Electronic votes from next year
Christopher Pyne: Has press the green light on electronic votes in parliament
Electronic voting will be in action in the House of Representatives within the federal Parliament from next year, with government on the verge of opening a tender process for the service.
The Leader of the House of Representatives Christopher Pyne said on Tuesday that electronic voting would be in use in the lower house for votes on legislation, “dramatically speeding up the voting process”.
“The implementation of electronic voting will reduce significantly the time required for each vote in the chamber. Voting outcomes will be transparent, accurate and known immediately, freeing up more time for important parliamentary business to be conducted each day the House sits,” Mr Pyne said.
“Electronic voting will also provide an electronic solution for recording division voting and improve online accessibility to division process and results.”
The Department of Parliamentary Services will run the tender for the project, which it said gives “innovative Australians and Australian businesses an opportunity to contribute to this initiative”.
It was reported earlier this year that a prototype system for electronic voting was being tested by Parliamentary Services
Once the scheme is implemented, Australia will be in line with several other countries that already have electronic voting within their parliaments, including the US and South Korea.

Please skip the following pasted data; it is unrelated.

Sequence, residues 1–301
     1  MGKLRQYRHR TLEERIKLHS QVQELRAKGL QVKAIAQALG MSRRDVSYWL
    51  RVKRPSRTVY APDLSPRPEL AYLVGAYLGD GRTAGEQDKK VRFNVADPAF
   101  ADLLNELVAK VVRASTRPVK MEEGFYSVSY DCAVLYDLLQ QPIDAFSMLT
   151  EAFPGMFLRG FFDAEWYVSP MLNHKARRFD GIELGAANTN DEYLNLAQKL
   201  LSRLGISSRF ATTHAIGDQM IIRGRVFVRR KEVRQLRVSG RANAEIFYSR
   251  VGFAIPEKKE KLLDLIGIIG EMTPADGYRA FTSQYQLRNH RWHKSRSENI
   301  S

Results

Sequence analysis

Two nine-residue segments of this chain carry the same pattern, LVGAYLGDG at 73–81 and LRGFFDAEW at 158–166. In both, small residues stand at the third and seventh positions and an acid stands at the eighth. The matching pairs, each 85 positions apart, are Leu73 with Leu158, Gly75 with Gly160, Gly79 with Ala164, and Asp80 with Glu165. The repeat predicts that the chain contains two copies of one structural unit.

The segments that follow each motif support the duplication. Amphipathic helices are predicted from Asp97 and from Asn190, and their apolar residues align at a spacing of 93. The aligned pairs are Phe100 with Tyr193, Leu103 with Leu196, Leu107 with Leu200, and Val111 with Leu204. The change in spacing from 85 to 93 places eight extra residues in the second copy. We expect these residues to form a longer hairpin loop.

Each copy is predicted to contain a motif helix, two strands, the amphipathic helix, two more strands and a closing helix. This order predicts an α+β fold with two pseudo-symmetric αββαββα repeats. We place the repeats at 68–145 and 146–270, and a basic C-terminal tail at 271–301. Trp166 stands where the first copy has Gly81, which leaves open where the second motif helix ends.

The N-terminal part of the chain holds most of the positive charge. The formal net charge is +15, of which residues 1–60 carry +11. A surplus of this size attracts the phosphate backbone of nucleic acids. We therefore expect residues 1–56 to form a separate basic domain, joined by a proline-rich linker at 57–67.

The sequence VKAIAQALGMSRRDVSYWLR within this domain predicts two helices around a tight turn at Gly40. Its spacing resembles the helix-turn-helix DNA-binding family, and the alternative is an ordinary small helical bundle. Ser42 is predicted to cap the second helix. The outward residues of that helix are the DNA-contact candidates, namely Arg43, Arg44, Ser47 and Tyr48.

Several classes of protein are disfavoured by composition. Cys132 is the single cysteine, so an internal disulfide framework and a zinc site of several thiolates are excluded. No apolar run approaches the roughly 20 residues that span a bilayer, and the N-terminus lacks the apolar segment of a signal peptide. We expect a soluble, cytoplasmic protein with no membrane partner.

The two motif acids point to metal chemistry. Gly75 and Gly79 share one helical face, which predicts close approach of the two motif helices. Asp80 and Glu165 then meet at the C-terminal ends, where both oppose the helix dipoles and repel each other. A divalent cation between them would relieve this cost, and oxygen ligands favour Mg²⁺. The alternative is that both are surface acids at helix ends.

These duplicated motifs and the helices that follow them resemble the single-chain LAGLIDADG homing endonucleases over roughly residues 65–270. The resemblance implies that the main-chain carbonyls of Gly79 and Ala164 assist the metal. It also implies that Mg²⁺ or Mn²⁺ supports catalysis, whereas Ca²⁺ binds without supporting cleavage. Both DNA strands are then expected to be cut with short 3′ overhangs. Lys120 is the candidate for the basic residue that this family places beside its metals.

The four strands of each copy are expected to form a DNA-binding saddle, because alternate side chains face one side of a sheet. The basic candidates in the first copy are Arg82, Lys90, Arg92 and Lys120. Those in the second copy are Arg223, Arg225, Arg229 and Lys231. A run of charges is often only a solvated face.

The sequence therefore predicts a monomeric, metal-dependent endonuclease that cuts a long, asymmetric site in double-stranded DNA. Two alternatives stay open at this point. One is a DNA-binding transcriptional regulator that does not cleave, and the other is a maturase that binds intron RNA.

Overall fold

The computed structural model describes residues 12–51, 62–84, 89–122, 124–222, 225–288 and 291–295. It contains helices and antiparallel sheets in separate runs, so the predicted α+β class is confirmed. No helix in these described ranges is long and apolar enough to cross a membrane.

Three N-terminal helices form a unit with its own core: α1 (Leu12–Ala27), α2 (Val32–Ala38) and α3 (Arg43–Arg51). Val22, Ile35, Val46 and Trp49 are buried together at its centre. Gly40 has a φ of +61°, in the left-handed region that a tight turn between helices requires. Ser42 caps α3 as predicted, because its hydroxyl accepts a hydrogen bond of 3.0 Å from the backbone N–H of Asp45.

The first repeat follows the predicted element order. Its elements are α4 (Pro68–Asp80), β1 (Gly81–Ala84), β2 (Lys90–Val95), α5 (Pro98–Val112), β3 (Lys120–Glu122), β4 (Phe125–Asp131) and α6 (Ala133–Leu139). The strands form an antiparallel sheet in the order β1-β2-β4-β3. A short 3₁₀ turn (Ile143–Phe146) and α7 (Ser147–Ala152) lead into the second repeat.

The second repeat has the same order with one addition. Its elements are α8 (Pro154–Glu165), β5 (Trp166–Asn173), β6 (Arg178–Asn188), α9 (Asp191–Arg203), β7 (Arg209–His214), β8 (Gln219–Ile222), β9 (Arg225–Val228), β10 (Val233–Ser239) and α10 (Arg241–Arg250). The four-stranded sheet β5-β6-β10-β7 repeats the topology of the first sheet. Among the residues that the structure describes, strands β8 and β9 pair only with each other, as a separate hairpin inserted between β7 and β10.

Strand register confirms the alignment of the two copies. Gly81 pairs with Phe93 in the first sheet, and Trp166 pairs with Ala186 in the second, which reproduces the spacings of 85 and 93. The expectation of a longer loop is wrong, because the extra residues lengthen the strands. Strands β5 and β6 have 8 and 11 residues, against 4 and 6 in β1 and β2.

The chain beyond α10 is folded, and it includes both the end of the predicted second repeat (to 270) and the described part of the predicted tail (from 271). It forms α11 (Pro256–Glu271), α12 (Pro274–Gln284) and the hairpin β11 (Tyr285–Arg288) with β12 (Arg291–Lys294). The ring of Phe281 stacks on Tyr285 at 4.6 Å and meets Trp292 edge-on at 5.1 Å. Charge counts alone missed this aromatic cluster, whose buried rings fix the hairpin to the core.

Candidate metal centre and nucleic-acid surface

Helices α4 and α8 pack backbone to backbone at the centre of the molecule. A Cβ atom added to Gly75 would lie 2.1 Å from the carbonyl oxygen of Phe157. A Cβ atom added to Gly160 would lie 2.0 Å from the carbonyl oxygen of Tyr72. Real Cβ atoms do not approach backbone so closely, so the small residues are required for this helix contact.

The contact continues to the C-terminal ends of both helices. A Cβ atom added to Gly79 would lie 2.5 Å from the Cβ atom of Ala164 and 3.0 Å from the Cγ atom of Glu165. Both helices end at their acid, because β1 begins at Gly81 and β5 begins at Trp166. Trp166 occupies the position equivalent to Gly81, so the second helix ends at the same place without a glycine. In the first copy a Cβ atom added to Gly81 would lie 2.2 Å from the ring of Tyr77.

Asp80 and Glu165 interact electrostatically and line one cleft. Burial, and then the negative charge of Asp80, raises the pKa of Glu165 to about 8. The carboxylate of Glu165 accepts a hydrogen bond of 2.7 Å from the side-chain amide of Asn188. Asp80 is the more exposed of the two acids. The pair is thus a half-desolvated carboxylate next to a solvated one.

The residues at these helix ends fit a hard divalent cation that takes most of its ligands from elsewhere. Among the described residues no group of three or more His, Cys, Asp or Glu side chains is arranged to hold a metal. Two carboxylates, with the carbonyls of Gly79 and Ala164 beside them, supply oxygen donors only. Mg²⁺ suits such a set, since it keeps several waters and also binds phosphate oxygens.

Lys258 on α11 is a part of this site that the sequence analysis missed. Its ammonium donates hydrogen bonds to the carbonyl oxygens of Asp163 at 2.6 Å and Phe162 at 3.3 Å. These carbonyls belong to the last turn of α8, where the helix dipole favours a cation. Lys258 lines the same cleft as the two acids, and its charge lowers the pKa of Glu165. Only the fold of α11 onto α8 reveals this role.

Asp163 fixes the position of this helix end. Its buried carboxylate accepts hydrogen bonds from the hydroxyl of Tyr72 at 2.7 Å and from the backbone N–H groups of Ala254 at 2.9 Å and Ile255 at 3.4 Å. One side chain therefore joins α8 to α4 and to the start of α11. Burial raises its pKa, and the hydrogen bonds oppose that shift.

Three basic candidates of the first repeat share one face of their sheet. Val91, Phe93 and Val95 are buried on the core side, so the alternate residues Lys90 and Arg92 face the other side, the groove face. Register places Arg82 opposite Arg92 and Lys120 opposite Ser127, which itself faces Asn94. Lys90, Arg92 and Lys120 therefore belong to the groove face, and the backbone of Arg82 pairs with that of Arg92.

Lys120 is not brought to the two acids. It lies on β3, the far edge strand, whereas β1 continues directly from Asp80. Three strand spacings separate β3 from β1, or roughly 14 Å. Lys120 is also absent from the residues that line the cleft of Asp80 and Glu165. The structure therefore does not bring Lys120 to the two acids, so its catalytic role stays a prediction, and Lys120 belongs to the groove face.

Electronic voting within federal parliament has been in the works for several years, and has enjoyed bipartisan support since a cross-party committee produced a report in 2016 overwhelmingly in support of the concept.
“After considering a range of technology options, the Committee is confident that a secure and reliable electronic voting system, suited to the needs of the House, is achievable,” the report said.
“Modernising voting procedures will save the time of the House, will ensure immediate availability of accurate results and will send the message that the House is willing to embrace technological change while retaining valued traditions and practices.”
Mr Pyne’s announcement did not contain any information on the details of how electronic voting would work and how it would be implemented.
The committee’s report in 2016 outlined a process that would uphold many of the Parliament’s traditions, with members still moving to the left and right of the House to indicate their vote.
The committee indicated that MPs could be provided with a unique swipe or touch card for the voting system, with the results of each division displayed on screens within the lower house.
The report included four ways electronic voting could be implemented within Parliament: standalone portable devices, voting panels attached to members’ desks, an app on members’ phones, using facial recognition technology or portable kiosks in the chamber.
Costs for these services ranged significantly, with the use of facial biometrics and cameras to identify how each member is voting based on their location in chamber estimated to cost up to $4.6 million and then $350,000 annually to support.
The cheapest of these options was for standalone portable devices that can be used from any location in the House of Representatives. The committee estimated that this would cost up to $2.8 million to implement, with yearly upkeep costs of $250,000.
The main advantage to electronic voting touted by the government is the time it will save in forgoing the need for time-consuming divisions and counts.
Included in the disadvantages with electronic voting was the difficulty in the general public knowing what each member voted for, the risk to the integrity of votes and the loss of the cooling off period after a vote.